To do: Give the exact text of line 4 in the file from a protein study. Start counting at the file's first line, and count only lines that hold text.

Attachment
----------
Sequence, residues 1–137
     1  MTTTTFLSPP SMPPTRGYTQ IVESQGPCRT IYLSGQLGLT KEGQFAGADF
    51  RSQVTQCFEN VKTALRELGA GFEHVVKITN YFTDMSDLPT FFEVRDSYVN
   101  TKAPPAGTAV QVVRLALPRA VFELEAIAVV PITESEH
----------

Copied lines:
   101  TKAPPAGTAV QVVRLALPRA VFELEAIAVV PITESEH